And there is a big fat ‘Teufelsfuss’ attached to this desire of the people to make Jesus king. They’d be the kingmakers, Jesus would be king on their terms, not his own – the people want to harness the power Jesus has and offers and use it for their own purposes only. Let’s make a deal, Jesus: Give us, what we are hungry for, and you shall be our king. As long as you give us what we want, as long as you say what we want to hear, we will follow you. If you think about it: this is the definition of populism.

But then Jesus would have power only as long as his followers are willing to grant it to him. And that’s a dangerous thing; on the surface, Jesus would not sell his soul to the devil, but it is very likely that he’d be giving up his soul, his principles, his grand vision, his divine mission to speak the truths the people want to hear and placate and please those who empower him.

There are many examples in history and current politics that show only too well how people in power rather bend to the influence and demands of lobbies, big money donors and their hardcore political base than work for justice and the welfare of all. The rulers become those who are ruled by special interests. There are plenty of politicians who, at some point, sold their soul, feeding the seemingly insatiable appetite for more and more by a few, so that their power may be preserved at the huge expense of integrity and honor.

That seems to be part of human nature: the hunger for more and more power at any cost.

And it is part of Jesus’ human nature as well – otherwise the devil would not tempt him in that particular manner.

So Jesus does the only thing that he knows will save him from this temptation: he get away. He retreats. He takes a deep breath, maybe he meditates, maybe he prays. He catches up with his disciples by walking on water, then the crowds catch up with him.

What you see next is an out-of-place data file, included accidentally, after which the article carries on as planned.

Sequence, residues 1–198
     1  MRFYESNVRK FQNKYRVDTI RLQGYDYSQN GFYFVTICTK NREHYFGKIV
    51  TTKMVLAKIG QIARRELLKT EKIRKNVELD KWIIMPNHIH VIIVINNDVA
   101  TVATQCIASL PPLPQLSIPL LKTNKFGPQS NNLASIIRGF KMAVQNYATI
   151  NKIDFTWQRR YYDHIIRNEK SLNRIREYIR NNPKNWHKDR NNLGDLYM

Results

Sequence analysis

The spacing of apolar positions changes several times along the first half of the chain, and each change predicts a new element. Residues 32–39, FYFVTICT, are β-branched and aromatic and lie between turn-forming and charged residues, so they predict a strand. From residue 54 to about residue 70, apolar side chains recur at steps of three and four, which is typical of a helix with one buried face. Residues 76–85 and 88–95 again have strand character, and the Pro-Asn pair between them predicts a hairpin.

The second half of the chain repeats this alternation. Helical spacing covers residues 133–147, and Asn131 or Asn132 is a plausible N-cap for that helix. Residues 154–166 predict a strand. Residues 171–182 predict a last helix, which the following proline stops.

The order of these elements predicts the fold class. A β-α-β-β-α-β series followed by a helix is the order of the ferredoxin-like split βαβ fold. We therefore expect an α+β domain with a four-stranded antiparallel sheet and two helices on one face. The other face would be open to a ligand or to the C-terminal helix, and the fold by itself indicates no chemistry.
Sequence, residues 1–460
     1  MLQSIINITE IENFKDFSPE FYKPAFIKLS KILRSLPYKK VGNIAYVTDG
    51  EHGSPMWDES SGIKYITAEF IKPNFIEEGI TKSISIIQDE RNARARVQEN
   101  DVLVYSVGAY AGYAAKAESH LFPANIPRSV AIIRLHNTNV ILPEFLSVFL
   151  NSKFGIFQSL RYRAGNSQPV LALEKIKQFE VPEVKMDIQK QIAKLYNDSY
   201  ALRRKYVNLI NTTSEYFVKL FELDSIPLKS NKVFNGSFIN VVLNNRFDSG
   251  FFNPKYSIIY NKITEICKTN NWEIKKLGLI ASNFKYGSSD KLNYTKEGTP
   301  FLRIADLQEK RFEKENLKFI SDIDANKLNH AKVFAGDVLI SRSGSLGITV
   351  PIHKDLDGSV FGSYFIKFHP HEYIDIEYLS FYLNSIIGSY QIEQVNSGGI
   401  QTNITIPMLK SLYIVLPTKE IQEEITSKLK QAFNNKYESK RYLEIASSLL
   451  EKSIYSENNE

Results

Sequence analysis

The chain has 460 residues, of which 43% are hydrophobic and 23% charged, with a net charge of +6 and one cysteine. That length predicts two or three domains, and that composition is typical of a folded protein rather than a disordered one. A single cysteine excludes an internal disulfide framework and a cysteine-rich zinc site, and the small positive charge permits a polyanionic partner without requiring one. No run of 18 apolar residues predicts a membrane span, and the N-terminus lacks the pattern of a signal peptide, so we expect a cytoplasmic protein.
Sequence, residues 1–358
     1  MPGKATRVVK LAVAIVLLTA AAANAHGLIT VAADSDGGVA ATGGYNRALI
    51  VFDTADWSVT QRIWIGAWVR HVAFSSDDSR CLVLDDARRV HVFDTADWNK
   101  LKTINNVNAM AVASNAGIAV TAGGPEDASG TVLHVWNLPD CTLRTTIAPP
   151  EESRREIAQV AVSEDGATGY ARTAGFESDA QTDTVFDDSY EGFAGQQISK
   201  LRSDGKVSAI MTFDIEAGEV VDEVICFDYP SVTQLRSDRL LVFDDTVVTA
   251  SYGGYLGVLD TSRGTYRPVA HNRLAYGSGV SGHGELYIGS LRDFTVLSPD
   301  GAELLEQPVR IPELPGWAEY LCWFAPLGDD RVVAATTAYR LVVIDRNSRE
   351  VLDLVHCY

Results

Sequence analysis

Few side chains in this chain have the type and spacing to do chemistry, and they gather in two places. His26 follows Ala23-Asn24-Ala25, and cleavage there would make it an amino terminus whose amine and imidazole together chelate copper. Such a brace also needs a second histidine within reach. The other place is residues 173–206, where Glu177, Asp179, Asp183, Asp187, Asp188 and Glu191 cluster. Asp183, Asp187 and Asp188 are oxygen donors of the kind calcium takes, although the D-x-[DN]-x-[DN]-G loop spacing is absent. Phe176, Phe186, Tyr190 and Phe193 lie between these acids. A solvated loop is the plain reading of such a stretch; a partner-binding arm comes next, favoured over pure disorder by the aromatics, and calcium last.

And then, according to the gospel of John, Jesus preaches a very long and passionate sermon about the bread of life – to the same people who witnessed the miraculous multiplication, the same people who wanted to make him king – he preaches about the things people should truly be longing for: forgives, grace, justice, self-sacrificial love, and eternal life to the fullest. In fact, spoiler alert, Jesus’ words about the true bread of life will be with us for the next 4 Sundays, so you will hear a lot about it.

And what happens when Jesus talks about the bread of life and his rule – God’s rule? A kingdom that is not of this world and doesn’t abide by the rules of this world, but is a kingdom of peace for all, in which everyone gets as much as they need and all shall be satisfied, deserving or not? A kingdom, in which gender, skin color, social status and abilities don’t count, but instead the will to follow Christ and his vision? A kingdom, in which a loving and forgiving God is the only one in power and all power struggles end?

Many turn away, we read. That’s not what they want. This is a deal breaker for them.

But this is the kind of kingdom we are invited into. This is the kind of kingship Jesus Christ offers. The kingdom is not an exclusive club. It’s a house with many mansions.

I think today’s gospel story warns us of the temptations and pitfalls of power. But beyond that, the think that challenge of this story is to let Christ be Christ and to the let God, be God, in all majesty and power and generosity.  The challenge is not to try to put Christ in a box, to package him according to our needs and our expectations, and, in that sense, to make an image out of God.  The challenge is not to kidnap God for our purposes, which, since we are human after all, tend to be rather selfish and self-righteous, let alone use God as an excuse to hurt others.  

The challenge is to surrender all that we are and all that we have to this God, who promises to still our every hunger and to fill us to the brim – and beyond. With God, there is enough for everybody: enough grace, enough love, enough life. We don’t need to fear that there isn’t enough for us.

Even in the wilderness places of our lives – God opens God’s hand wide and provides.